The consumer may never know if they’re making the most ethical decision. The USDA also admits there is no scientific data saying there is any nutritional difference in the nutrition of the eggs that come from different housing situations. This means it’s up to each consumer to decide which is best for their household.

Cage-Free vs Free Range Stickers

difference between cage free and free range

There are a million different stickers on all of the different cartons at your grocery store. So how do you know which stickers to even check for? You have to look for certain logos to ensure you’re getting cage-free or free-range eggs.

The Animal Welfare Approved logo is a white sun with blue rays over a green pasture. The AWA ensures producers do not cut the beaks of their chickens and they don’t starve their birds. Another well-known logo is the Certified Humane logo.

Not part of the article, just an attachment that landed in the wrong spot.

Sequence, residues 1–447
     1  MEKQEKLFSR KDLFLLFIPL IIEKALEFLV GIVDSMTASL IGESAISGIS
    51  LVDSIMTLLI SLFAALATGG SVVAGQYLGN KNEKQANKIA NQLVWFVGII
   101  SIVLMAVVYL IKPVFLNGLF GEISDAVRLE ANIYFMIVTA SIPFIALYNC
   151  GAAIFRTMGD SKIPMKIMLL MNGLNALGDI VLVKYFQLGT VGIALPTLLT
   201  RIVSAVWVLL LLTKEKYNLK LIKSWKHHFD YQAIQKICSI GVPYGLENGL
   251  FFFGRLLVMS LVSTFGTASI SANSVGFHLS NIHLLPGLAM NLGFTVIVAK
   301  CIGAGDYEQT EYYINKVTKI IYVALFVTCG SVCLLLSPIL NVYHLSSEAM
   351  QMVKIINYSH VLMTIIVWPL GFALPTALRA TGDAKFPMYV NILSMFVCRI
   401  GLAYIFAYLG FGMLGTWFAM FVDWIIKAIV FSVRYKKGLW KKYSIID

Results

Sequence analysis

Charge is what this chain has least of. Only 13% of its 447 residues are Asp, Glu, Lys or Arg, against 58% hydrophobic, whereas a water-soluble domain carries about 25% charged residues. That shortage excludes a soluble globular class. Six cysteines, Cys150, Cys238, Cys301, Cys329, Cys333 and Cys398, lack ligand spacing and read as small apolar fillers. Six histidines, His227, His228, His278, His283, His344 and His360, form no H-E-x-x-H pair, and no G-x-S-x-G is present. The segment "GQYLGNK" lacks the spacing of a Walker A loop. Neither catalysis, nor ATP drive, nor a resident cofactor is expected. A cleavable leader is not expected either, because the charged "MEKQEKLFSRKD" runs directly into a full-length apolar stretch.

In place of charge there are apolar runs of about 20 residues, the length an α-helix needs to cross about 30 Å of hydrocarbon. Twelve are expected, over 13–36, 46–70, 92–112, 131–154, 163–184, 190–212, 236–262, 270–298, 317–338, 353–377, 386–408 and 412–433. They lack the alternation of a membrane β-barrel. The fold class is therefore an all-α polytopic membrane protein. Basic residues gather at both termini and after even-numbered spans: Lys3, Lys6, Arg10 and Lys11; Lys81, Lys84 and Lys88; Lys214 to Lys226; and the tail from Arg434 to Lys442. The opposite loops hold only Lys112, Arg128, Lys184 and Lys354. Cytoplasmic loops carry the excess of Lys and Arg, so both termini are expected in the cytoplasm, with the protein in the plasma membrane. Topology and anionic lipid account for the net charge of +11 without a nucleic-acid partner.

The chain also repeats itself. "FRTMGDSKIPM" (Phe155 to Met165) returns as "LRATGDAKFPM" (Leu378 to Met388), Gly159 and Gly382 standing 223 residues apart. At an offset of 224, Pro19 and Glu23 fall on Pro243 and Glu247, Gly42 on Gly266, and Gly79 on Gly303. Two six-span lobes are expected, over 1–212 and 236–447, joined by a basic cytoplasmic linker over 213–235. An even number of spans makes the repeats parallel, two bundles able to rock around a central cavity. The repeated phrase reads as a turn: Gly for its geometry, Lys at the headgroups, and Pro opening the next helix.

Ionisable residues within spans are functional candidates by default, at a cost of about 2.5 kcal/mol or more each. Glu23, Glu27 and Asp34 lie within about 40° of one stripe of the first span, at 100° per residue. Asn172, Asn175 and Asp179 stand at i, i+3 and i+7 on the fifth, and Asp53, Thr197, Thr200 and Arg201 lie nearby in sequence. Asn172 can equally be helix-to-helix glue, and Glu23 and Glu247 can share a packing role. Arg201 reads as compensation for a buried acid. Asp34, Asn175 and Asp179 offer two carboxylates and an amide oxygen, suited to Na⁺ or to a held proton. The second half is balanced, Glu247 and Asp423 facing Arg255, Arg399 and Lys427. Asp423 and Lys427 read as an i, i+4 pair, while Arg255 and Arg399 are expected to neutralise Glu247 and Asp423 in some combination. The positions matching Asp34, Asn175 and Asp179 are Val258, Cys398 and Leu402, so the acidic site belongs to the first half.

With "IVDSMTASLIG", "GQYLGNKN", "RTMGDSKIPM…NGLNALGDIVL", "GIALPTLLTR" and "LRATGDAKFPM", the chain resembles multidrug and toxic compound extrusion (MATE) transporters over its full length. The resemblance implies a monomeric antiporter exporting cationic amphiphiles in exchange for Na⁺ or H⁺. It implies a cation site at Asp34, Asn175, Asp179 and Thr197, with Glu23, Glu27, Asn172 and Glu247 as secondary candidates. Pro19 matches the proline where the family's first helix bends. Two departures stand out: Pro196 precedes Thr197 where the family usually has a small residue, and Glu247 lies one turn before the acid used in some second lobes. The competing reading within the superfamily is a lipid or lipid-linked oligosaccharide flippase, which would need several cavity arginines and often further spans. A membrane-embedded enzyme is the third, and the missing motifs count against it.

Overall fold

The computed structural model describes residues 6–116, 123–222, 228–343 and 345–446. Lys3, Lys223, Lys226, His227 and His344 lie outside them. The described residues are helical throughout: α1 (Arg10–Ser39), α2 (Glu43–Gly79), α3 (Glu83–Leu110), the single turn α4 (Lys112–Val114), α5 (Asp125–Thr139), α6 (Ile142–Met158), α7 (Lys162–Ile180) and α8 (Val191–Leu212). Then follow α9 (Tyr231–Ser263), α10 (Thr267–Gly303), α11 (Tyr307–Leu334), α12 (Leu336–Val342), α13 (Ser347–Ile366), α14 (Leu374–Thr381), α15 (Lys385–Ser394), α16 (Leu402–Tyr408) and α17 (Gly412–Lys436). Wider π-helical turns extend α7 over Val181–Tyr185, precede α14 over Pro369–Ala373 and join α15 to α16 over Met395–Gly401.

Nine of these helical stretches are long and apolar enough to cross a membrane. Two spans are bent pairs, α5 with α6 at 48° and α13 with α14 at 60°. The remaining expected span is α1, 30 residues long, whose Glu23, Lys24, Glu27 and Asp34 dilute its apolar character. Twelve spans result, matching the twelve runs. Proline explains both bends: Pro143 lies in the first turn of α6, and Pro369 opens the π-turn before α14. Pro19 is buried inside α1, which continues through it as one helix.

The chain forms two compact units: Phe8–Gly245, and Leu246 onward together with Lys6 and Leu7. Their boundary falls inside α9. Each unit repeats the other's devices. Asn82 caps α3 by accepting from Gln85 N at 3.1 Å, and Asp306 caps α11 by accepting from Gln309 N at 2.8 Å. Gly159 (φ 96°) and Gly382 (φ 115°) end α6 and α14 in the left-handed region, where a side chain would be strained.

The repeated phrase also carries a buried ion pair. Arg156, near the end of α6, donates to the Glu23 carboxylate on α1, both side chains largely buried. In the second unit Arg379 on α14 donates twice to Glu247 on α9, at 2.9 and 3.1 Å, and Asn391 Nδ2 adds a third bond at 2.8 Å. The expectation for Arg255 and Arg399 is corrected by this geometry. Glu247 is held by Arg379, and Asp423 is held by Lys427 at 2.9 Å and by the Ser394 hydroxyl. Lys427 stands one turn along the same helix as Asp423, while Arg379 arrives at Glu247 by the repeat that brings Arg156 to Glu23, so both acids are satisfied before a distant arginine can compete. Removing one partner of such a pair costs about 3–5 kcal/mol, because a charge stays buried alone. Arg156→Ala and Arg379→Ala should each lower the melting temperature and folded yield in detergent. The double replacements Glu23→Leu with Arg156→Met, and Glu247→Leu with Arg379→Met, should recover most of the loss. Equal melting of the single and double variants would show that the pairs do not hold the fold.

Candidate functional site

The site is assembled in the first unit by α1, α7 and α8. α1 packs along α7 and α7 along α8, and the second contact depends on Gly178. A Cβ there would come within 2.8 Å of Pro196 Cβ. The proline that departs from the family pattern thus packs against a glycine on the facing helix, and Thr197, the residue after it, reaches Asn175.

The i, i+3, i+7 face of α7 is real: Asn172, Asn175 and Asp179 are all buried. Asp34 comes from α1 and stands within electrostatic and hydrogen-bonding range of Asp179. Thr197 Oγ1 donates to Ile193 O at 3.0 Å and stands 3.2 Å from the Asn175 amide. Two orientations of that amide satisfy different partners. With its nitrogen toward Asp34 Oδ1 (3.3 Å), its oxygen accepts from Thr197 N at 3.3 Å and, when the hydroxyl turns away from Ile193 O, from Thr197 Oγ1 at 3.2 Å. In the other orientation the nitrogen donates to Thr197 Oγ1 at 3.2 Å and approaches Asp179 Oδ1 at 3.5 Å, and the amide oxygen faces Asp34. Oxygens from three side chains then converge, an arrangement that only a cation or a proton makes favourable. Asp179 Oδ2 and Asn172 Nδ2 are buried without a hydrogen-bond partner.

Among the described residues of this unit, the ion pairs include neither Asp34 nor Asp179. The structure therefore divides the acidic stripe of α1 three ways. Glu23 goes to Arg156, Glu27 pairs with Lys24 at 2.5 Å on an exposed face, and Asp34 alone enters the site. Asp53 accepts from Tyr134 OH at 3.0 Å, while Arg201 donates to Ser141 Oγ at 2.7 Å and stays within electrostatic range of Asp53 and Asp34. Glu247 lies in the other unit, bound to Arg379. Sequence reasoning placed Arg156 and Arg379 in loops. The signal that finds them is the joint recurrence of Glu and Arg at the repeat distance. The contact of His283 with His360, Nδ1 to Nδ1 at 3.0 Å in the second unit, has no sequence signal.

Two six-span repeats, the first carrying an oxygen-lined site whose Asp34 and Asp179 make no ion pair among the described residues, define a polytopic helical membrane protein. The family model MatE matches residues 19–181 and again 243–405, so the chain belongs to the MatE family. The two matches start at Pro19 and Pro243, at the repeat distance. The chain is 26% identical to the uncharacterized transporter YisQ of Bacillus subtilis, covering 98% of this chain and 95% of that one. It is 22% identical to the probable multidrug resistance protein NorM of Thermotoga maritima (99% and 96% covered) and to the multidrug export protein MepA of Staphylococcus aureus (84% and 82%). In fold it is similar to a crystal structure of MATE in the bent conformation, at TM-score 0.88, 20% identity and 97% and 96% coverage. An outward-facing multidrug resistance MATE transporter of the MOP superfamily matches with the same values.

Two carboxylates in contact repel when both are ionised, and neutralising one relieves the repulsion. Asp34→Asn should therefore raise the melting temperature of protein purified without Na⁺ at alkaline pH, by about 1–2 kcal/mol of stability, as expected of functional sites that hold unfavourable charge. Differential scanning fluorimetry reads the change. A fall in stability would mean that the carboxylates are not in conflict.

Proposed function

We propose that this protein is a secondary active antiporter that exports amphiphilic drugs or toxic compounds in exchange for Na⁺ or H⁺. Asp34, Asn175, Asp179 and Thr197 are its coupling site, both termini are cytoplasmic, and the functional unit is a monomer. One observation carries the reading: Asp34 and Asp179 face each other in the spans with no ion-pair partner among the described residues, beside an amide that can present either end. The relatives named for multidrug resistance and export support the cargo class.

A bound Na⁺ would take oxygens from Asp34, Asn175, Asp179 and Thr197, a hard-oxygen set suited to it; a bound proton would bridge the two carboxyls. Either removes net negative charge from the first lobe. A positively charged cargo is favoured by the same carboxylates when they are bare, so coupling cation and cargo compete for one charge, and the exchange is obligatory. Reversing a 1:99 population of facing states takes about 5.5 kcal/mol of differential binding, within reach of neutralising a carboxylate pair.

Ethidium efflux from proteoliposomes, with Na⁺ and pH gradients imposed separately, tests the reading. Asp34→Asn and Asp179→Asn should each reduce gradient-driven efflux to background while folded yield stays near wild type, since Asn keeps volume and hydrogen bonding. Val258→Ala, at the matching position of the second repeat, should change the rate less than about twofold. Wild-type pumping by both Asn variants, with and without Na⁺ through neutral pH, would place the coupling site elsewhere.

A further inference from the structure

Certified Humane bans forced molting of their chickens. Both of these logos ensure their chickens do have outdoor access. One problem with logos and stickers is they often won’t tell you how the chickens were raised. These labels include natural, fertile, farm-fresh, and omega-3. Read the labels carefully before you decide which eggs to buy based on your ethical values.

Other Types of Egg Production

Egg Production

Pasture raised eggs can also be found in many stores. If a label says pasture-raised, these hens usually have special living conditions. They must be placed on actual ground or grass with living vegetation for six hours each day. They are not regulated by the USDA. They are given that designation by the Humane Farm Animal Care’s Certified Humane program.